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broke out in b. e. 125, and is said to have carried off not less than 800,000 persons. (Oros. v. 11.) But notwithstanding this great calamity, that kingdom appears to have risen to a very flourishing condition under the mild and equitable rule of Mi-cipsa. Diodorus calls him the most virtuous of all the kings of Africa, and tells us that he sought to attract Greek men of letters and philosophers to his court, and spent the latter part of his life chiefly in the study of philosophy. (Diod. xxxv. JExc. Vales, p. 607.) We learn also that he bestowed especial care upon the improvement of his capital city of Cirta, which rose to a high pitch of power and prosperity. He not only adorned it with many public edifices, but established there a number of Greek colonists. (Strab. xvii. p. 832.)
MICON, historical. [MicioN, No. 2.]
MICON (Mf/cwi'), artists. 1. Of Athens, the son of Phanochus, was a very distinguished painter and statuary, contemporary with Polygnotus, about b. c. 460. He is mentioned, with Polygnotus, as the first who used for a colour the light Attic ochre (sz'O, and the black made from burnt vine twigs. (Plin. H.N. xxxiii. 13. s. 56, xxxv. 6. s. 25.) Varro mentions him as one of those ancient painters, by departing from whose conventional forms, the later artists, such as Apelles and Protogenes, attained to their great excellence. (L. L. viii. 12, ed. Miiller.) The following pictures by him are mentioned :~(1.) In the Poecile^ at Athens,— where, Pliny informs iis (xxxv. 9. s. 35), Polygnotus painted gratuitously, but Micon for pay, -— he painted the battle of Theselis and the Athenians with the Amazons. (Schol. ad Aristoph. Lysist. 679 ; Paus. i. 15. § 2.) (2.) According to some writers, Micon had a hand in the great picture of the battle of Marathon, in the Poecile [comp. pa-naenus and polygnotus], and was fined thirty minae for having made the barbarians larger than the Greeks. (Sopater, in Aid. Wiet. Graec. p. 340; Harpocr. s. v.) The celebrated figure, in that picture, of a dog which had followed its master to the battle, was attributed by some to Micon, by others to Polygnotus. (Aelian, N. A. vii. 38.) (3.) He painted three of the walls of the temple of Theseus. On the one wall was the battle of the Athenians and the Amazons: on another the fight between the Centaurs arid the Lapithae, where Theseus had already killed a centaur (no doubt in the centre of the composition), while between the other combatants the conflict was still equal: the story represented on the third side, Pausanias was unable to make out. (Paus. i. 17. § 2.) Micon seems to have been assisted by Polygnotus in these works. (See Siebelis, ad loc.) (4.) The temple of the Dioscuri was adorned with paintings by Polygnotus and Micon: the former painted the rape of the daughters of Leucippus ; the latter, the departure (or, as Bottiger supposes, the return) of Jason and the Argonauts. (Paus. i. 18. § 1.)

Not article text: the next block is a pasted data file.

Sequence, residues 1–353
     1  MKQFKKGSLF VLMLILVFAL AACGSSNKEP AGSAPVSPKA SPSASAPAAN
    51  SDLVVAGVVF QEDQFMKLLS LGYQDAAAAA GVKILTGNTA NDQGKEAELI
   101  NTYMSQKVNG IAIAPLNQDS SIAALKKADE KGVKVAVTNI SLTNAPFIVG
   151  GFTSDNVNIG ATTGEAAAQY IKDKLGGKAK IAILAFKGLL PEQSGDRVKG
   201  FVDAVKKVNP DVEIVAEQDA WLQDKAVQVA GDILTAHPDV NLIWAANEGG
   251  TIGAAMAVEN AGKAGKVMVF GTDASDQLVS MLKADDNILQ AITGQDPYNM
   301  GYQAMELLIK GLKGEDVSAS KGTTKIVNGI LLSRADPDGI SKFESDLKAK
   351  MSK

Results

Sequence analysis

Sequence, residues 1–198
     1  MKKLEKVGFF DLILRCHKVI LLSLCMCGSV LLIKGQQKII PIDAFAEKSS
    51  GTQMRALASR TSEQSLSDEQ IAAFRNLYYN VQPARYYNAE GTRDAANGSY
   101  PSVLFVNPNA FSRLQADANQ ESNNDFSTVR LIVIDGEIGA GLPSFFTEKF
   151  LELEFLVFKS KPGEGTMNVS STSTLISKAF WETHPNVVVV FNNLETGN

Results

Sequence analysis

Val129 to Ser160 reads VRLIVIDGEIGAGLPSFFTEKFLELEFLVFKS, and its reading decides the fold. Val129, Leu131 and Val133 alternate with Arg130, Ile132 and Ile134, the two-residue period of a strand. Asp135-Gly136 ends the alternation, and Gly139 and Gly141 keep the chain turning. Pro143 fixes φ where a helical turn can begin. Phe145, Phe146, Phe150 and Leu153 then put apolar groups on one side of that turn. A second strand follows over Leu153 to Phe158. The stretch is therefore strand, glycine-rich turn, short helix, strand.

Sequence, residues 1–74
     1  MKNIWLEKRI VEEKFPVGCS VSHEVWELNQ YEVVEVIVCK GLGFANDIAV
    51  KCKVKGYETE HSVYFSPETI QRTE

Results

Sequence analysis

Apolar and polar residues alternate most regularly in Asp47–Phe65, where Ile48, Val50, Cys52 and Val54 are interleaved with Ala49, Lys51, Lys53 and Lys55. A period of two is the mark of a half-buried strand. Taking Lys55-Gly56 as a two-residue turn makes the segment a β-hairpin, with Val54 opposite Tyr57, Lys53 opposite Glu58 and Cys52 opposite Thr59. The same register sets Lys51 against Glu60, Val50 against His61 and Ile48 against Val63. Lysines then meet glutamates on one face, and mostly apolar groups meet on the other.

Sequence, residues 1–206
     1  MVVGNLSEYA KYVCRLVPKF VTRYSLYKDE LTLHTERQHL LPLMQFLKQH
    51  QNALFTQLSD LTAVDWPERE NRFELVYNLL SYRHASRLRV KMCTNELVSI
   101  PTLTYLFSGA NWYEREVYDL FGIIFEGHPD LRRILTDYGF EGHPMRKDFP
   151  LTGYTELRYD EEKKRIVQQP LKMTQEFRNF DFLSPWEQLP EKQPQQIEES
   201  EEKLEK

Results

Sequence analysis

Micon was particularly skilful in painting horses (Aelian, N. A. iv. 50) ; for instance, in his picture of the Argonauts, the part on which he bestowed the greatest care was Acastus and his horses. (Pans. I. c.) The accurate knowledge, however, of Simon, who was both an artist and a writer on horsemanship, detected an error in Micon's horses ; he had painted lashes on the lower eye-lids (Pollux, ii.